Doctors and parents say “eat your greens!” for good reason. Full of vitamins, minerals, and fiber, green veggies are good for you. These foods lower your risk of obesity, heart disease, high blood pressure, and other health problems. But they aren’t always cheap. ($2 for an avocado, anyone?) Eating a healthy diet is possible on a budget, though. Read on to uncover the nine most healthy and inexpensive green vegetables, and how to best eat them.
Cabbage tops our list as the #1 lowest cost green vegetable with the highest amount of nutrients. In fact, it’s the cheapest fresh green veggie of all the ones the USDA has studied! Studies show this superstar may protect against cancer, especially lung and esophageal cancers, and lower your LDL, or “bad,” cholesterol levels. Cheap + healthy = cabbage.
How to cook cabbage: Eat cabbage raw. Braise, sauté, or roast it. Add to soups. Shred onto tacos or into coleslaw. Eat it fermented, as sauerkraut.
2. Romaine Lettuce
Romaine lettuce is one of the most affordable leafy greens. The USDA recommends you eat at least a half cup of green leafy plants every day. While iceberg lettuce is a veggie option that’s light on your pocketbook, as a dark leafy green, romaine lettuce is better for you. It has vitamins A and K, which are linked to lower risk of heart disease. Romaine lettuce also contains folic acid, which is important for healthy pregnancy, male fertility, and preventing depression. So, get more for your dollar at the grocery store and choose romaine.
How to eat romaine lettuce: Rinse, dry, and eat raw in salads. Try lightly grilling. Use lettuce leaves as wraps.
3. Beet Greens
Budget-friendly beet greens: a dark leafy vegetable, they are so healthy. With a flavor like kale (which almost made our list, too!), beet greens have vitamin K, which is linked to lowering chances of type 2 diabetes, and potassium, calcium, and riboflavin. Beets are usually sold with the greens attached, making it a two-for-one deal. Sometimes you can even get the greens for free, since some folks discard them and just eat the roots. Ask around at the farmers market.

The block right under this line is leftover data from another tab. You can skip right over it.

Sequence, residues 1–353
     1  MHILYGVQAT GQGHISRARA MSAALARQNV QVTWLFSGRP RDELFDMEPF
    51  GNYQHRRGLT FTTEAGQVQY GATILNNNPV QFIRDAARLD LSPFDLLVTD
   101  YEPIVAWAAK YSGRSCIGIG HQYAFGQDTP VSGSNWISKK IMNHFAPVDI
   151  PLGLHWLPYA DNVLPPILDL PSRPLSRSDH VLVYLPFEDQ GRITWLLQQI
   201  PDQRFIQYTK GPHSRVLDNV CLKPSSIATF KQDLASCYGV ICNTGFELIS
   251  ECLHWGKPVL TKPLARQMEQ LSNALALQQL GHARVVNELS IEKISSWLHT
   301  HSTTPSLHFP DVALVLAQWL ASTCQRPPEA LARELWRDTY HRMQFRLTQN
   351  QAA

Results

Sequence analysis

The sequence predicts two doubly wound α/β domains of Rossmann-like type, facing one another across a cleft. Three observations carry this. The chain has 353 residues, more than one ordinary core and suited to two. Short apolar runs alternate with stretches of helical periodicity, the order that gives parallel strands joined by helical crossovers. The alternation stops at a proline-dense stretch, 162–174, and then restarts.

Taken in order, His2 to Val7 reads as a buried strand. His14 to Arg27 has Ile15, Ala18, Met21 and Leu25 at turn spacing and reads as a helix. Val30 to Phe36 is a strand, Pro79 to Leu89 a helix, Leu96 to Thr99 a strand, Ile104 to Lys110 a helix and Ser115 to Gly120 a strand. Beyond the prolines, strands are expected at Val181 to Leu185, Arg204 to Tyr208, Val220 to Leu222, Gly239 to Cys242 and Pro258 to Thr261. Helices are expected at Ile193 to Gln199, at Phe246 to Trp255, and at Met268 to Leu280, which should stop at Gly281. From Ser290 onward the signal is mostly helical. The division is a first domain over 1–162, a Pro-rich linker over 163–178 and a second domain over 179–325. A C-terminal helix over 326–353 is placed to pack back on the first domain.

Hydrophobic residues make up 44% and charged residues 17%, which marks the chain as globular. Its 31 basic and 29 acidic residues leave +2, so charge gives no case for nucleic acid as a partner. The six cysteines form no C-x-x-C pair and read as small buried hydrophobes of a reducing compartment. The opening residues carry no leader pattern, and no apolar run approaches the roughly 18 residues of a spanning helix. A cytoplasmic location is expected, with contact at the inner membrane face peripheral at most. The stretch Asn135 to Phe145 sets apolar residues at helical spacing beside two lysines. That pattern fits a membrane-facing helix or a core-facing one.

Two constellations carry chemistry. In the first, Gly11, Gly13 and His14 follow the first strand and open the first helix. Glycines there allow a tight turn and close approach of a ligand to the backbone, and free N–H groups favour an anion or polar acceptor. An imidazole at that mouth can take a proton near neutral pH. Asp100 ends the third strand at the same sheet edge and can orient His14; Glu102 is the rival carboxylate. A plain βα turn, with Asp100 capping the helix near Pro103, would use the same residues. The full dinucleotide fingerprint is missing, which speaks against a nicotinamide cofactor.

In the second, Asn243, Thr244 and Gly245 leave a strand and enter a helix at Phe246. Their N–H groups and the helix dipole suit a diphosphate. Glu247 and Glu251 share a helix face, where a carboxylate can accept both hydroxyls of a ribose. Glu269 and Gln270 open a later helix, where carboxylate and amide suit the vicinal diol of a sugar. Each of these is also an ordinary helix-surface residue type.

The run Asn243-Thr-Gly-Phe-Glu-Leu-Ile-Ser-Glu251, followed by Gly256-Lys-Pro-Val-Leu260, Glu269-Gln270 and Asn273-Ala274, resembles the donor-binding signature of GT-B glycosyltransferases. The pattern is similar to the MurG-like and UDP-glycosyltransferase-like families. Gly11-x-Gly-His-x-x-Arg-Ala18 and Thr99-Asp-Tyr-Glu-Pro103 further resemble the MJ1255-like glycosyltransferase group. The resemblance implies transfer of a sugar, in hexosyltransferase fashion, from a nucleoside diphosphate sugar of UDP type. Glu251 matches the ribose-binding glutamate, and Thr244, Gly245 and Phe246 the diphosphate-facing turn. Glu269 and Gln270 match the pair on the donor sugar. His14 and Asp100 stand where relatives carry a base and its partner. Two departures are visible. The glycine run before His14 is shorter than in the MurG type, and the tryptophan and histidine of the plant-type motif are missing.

How to cook beet greens: Sauté with olive oil and garlic or just add to frittatas, soups, or whole-grain pasta dishes in the last few minutes of cooking.
Broccoli is a green powerhouse, with loads of vitamins C and K, which may lower your risk of some types of cancer. It’s also one of the cheapest vegetables to buy and easy to find and use in many different dishes. Remember, the whole head can be eaten. If it’s a bit bitter for you, try peeling the outer layer of broccoli’s stem first.
How to cook broccoli: Eat raw. Blanch. Steam in the microwave or on the stovetop. Sauté. Roast. Add to stir fries, egg dishes, salads, soups, and casseroles.
A gardener’s delight, zucchini grows easily and quickly. It has vitamin C, manganese, and vitamin B6, which may protect against diabetes. Zucchini also helps your digestion and, with its cheap cost, your wallet.
How to cook zucchini: Great raw, steamed, and grilled. Try shredding into a salad, cooking a batch of fritters, or making “zoodles.”
6. Green Peas
Good ol’ green peas. They are so common, and so good for you. Full of vitamins C and E, zinc, and other antioxidants that strengthen your immune system, green peas are a heart-healthy vegetable with bonus points for its low price. If you’re low on cash and want to eat healthy and feel full, pick protein-packed green peas.
How to cook green peas: Boil briefly, steam, or sauté. Easy addition to almost any dish near the end of cooking time.
7. Green Beans
One of the most affordable green veggies when they’re canned, green beans have vitamins A, K, and C, plus a healthy dose of protein and fiber. Often, you’ll find cut green beans less expensive than whole.
How to cook green beans: Eat raw when fresh. Lightly steam. Add to soups near the end of cooking time.
Take care of your heart: eat more celery! Celery is so full of nutrients, including flavonoids, vitamin C, lunularin, phthalides, fiber, and other antioxidants, and it’s one of the most loved, budget-friendly vegetables.
How to cook celery: Eat raw (kids love ants on a log!). Sauté with onions and carrots to start dishes. Add to soups and stir fries.
This Southern favorite is a low-fat, low-calorie way to get your vitamins A and C, magnesium, and folate. Frozen okra often costs less money than the harder-to-find fresh kind here in New England.
How to cook okra: Steam, sauté, grill, or roast. Add to gumbo and casseroles.